Tausch
1.5 / 5 (8) Mar 03, 2013
You may think of this ...'scatter' change by the same amount"... - a constant - as new physics. And in a way it is. It is the new way of looking at the oldest concept known to humankind - the concept of time. Now having physical origin.
Tausch
1.4 / 5 (8) Mar 03, 2013
Prematurely, I will state you can replace probability distribution with time distribution. One of many consequences.
Whydening Gyre
1.4 / 5 (10) Mar 03, 2013
It is the new way of looking at the oldest concept known to humankind - the concept of time.


And all this time I thought it was sex...
Fleetfoot
5 / 5 (1) Mar 03, 2013
...nobody knows what happens at the Planck scale... - Ff


Of course you do. And you know what happens beyond this too.

"Their results show that, no matter what the temperature or the particle, the rate at which they bounce off each other – 'scatter'– changes by the same amount as the temperature is changed."

Read more at: http://phys.org/n...html#jCp

"...by the same amount..." is a constant independent of T and density.


Sure, just as there is a plateau at the Haegdorn Temperature, but beyond that things change. We don't know how far that effect will last but they are many orders of magnitude short of the Planck scale and haven't even approached the GUT scale yet. Beyond that we know nothing.
melitta_vahalik
1 / 5 (6) Mar 03, 2013
It keeps you occupied while UN Agenda 21 is being implemented.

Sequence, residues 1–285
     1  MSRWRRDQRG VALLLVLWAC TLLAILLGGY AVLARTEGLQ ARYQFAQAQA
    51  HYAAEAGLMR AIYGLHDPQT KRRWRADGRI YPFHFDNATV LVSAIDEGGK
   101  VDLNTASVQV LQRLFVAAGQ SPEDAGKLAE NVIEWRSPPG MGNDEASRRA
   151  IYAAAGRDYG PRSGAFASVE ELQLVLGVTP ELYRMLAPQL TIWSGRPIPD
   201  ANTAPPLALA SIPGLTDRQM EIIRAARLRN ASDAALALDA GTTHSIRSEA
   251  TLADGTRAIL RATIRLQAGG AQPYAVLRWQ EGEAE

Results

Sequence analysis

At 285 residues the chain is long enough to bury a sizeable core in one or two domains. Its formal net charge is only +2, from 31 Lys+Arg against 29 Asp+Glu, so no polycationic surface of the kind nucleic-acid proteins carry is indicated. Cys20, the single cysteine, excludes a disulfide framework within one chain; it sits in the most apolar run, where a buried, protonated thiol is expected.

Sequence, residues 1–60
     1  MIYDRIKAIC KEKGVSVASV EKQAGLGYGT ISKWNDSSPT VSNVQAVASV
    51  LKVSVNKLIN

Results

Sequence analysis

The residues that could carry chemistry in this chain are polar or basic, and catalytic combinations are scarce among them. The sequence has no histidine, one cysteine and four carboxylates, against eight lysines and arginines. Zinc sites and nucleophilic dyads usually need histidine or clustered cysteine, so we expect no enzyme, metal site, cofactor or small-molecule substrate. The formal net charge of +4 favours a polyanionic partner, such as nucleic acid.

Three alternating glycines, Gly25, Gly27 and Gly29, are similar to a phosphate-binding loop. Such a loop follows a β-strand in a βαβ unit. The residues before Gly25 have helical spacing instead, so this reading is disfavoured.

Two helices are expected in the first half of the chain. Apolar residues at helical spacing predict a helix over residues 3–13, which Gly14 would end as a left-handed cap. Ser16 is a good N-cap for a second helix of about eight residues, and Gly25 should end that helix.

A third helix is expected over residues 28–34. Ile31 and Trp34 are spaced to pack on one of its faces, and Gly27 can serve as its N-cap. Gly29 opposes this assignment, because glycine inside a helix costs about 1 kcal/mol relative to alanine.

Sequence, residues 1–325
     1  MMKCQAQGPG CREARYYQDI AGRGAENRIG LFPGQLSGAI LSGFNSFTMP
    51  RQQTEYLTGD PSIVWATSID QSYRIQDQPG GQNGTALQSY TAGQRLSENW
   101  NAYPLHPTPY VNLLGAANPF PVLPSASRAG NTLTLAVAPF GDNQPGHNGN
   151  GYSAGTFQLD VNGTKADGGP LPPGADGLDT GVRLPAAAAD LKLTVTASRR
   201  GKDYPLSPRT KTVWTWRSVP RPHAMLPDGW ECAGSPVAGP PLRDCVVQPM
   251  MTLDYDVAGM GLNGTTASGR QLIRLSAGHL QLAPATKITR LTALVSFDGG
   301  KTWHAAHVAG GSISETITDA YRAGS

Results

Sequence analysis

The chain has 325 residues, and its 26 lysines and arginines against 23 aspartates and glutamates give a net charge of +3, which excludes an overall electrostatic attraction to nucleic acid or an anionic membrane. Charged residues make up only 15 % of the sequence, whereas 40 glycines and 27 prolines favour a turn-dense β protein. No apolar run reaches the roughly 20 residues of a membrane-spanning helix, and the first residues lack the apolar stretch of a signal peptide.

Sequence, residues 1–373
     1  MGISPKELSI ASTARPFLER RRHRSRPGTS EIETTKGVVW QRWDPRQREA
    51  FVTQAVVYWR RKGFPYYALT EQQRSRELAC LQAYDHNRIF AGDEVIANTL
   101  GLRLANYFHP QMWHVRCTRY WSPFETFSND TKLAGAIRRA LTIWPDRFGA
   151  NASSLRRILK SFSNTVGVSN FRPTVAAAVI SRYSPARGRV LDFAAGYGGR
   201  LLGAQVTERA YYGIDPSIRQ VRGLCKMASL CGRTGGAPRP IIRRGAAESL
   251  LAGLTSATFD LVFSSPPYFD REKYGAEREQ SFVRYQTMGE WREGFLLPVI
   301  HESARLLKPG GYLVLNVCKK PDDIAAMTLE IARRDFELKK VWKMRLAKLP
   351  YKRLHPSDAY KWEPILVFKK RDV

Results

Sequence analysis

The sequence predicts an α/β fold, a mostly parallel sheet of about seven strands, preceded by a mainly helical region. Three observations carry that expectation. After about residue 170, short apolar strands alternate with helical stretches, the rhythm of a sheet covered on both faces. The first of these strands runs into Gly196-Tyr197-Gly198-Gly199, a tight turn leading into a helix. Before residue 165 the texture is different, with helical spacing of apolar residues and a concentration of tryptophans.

Tausch
1 / 5 (6) Mar 03, 2013
We don't know how far that effect will last...

Well, that's what it is there for...to see how far it lasts.

Quark gluon plasma dispels the notion of Haegdorn Temperature.
You know this, however.

Only two outcomes. It lasts. It does not last.
If it lasts, I suggested a physical interpretation to what the constant is - time.
Which suggests a precision orders of magnitude greater than the hyper fine structures used today.

Requiem
1 / 5 (7) Mar 04, 2013
Shouldn't the area within the event horizon of a black hole be an ever-growing sphere, toroid or like the rings of Saturn due to infinite or near-infinite time dilation in that region?

Shouldn't time not pass at all within the black hole, much like photons, muons and other particles traversing the universe don't experience significant time until they begin to encounter the dense matter of our atmosphere and/or collectors?

I'd expect the inside of a black hole to have the nucleus of whatever initially collapsed at the center, surrounded by matter in whatever state it was in when it crossed the event horizon - suspended in that time, state and position forever(or nearly forever) relative to normal space. I imagine it would begin at the initial event horizon and as it fell in, it would increase the overall mass of the system and therefor push the event horizon and position of all future infalling matter out.

Relative to the nucleus, this area would have low density and massive radius?
Requiem
1 / 5 (7) Mar 04, 2013
Addendum to my previous post:

Like snow collecting on the ground. The ground being the initial event horizon, and the snow flakes being the inbound particles?
Fleetfoot
5 / 5 (1) Mar 04, 2013
We don't know how far that effect will last...

Well, that's what it is there for...to see how far it lasts.

Quark gluon plasma dispels the notion of Haegdorn Temperature.
You know this, however.


The Hagedorn Temperature marks the phase transition. Once it is complete, the temperature rises again.

Only two outcomes. It lasts. It does not last.


Exactly, it could be either, we do not know which, as I said.